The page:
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Why All The Hate?

Why All The Hate?

I did an article and video for work on why car holsters are a bad idea. They give you zero advantages over carrying on your person, yet have a greater chance of getting your gun stolen and a greater chance of causing a negligent discharge due to excessive gun handling. They are obviously a lose-lose proposition, but yet somehow, for some reason, people insist on using them. 

There are no rational reasons for carrying a gun in a car holster. None. Zero. Every scenario you can think of can be dealt with just as easily by carrying in a holster on your person, and carrying in that manner also gives you the advantage of having a gun at the ready when you’re NOT in your car. 

This also applies to storing guns around your home like you’re a squirrel putting away nuts for the winter. There are all manner of picture frames, bookshelves and whatnot that have built-in “secret” compartments* where you can store a gun inside. However, for me, the best place to store your gun in your home is the same as the when you are outside your home: On your person, in a holster. 

This aversion to being armed all the time fascinates me. It’s clearly not a rational fear, as the logical reasons to carry far outweigh the reasons not to carry, but yet it exists. What could cause such a disconnect between the intellect? We know we have the right to keep and bear arms, yet for most of us, that “bear” part means storing a gun behind a fake art piece hanging on our living room wall or hanging our pistol off a magnet in our truck. If that’s “bearing,” then me carrying a 90 pound rucksack in the trunk of my car is the same as me carrying it on my back.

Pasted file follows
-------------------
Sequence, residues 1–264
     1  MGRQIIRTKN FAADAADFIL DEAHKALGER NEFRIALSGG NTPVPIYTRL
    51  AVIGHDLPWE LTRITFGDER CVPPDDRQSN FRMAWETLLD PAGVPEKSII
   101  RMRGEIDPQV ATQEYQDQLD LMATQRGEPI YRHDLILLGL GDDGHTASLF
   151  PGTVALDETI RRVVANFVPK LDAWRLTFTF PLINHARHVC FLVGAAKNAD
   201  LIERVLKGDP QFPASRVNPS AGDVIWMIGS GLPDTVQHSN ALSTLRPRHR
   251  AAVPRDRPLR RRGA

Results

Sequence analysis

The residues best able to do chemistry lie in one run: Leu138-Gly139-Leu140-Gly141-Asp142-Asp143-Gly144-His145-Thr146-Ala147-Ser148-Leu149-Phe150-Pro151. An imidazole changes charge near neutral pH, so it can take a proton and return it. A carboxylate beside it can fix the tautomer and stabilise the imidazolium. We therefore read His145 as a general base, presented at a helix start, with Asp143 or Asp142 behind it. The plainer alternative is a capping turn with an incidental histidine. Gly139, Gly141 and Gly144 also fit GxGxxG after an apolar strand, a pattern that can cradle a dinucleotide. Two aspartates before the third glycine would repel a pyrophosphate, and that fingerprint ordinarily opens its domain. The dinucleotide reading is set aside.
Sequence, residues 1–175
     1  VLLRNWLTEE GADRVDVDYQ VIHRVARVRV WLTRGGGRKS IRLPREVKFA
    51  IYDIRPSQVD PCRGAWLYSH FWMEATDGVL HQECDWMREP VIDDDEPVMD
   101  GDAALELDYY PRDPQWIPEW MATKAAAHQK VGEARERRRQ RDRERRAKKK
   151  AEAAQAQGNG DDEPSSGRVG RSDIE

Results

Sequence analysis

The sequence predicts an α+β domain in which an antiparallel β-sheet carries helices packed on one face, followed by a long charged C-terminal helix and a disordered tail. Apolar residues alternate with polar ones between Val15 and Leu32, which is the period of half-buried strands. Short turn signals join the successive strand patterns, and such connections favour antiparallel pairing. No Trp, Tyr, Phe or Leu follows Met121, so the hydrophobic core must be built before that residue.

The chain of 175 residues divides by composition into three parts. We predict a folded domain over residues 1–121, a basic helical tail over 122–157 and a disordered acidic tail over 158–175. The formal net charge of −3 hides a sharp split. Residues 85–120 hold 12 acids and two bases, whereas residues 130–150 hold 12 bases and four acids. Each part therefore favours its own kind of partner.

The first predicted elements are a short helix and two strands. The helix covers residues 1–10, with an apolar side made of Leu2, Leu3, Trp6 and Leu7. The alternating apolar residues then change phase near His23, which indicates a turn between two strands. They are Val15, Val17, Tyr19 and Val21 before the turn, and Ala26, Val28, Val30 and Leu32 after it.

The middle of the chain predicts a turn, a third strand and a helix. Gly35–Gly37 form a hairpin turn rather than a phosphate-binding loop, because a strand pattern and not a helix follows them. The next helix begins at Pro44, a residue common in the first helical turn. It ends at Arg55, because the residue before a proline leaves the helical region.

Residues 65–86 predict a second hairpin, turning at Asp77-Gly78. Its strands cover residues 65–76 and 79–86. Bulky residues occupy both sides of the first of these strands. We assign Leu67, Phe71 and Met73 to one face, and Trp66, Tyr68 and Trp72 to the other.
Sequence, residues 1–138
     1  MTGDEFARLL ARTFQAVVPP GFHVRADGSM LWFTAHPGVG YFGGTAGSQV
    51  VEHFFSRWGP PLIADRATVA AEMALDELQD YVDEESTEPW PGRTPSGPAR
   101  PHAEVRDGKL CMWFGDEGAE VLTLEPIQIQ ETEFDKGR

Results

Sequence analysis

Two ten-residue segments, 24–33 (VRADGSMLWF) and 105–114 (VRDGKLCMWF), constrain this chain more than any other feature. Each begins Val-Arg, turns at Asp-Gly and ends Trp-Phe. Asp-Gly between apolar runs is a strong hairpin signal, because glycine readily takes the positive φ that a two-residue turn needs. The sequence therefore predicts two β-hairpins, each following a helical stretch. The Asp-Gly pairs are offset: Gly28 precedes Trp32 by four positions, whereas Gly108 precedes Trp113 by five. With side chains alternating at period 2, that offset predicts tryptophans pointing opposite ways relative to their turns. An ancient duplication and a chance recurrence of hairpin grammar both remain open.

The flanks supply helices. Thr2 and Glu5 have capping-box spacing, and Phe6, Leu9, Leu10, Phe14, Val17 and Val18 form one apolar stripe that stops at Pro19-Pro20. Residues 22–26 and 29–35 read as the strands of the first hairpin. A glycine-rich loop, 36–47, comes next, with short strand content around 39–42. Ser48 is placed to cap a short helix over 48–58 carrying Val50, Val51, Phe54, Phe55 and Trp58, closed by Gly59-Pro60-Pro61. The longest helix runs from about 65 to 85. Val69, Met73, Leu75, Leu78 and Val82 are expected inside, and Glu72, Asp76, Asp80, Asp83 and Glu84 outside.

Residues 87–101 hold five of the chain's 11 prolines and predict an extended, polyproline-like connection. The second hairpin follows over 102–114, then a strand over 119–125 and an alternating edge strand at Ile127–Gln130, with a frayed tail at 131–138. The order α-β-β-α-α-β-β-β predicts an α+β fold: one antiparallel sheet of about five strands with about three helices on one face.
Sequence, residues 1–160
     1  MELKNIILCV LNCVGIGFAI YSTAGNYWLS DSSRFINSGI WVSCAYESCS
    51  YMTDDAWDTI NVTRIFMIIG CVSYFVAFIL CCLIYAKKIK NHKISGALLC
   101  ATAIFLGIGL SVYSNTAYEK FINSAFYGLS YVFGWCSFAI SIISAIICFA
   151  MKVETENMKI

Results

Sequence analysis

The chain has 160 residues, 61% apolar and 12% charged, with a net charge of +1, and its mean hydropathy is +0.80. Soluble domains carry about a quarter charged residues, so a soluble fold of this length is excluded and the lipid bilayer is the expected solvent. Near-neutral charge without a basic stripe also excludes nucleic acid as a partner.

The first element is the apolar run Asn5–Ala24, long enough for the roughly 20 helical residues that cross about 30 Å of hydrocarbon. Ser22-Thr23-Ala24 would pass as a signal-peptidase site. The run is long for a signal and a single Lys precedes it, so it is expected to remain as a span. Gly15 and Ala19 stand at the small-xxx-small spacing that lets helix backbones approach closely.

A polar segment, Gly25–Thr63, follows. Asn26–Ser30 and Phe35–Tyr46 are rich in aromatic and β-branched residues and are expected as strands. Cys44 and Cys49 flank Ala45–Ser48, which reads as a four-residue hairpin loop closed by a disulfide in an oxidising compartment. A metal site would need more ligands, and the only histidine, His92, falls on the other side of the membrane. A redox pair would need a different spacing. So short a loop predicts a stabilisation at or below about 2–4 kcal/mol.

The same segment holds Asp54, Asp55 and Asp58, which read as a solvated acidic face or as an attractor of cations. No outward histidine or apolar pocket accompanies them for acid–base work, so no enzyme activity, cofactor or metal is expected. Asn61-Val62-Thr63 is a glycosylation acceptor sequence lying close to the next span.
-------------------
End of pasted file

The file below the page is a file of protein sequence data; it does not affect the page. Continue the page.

I think it’s that burden of carrying a gun every day that makes people resist carrying a gun on their person. And by “burden,” I mean being knowing that you are responsible for how that gun is used. If the gun is in your car or “hidden” behind a painting, it’s not your responsibility. It sits there, separate from your reality, existing in its own little bubble. It makes you feel like you’ve done something, that you’ve checked the self-protection box just like “being a good person” checks the “what will happen to me when I die?” checkbox when it comes to theology.

However, to quote Jules Winfield, that $#^% ain’t the truth. The truth is, those are things you do to FEEL safe. To BE safe means taking that next step, and owning the fact that you yourself are responsible for your safety, no matter if you’ve in your car, at home or at the grocery store. Responsibility is scary, though, and most people tend to avoid it. It’s that aversion to accepting the responsibility of being armed is what drives people to half measures like car guns and coffee tables that hold a rifle. An irrational fear of accepting responsibility means people will go to irrational things. The only way to get out of this vicious circle of irrational fear leading to irrational actions is to wake up, realize how silly you’ve been and then act accordingly. Can people do that? Of course. Is it common? Unfortunately not.

Despite the best efforts of some of those around us, we have the right to keep and bear arms. The question now is, do you accept the responsibilities that go along with that right? 

ALL of the responsibilities. Anything less is just playing around.


* You’re fooling yourself if you think that something like this is actually a secret storage location. The crooks shop on Amazon just like you do, and they know what to look for.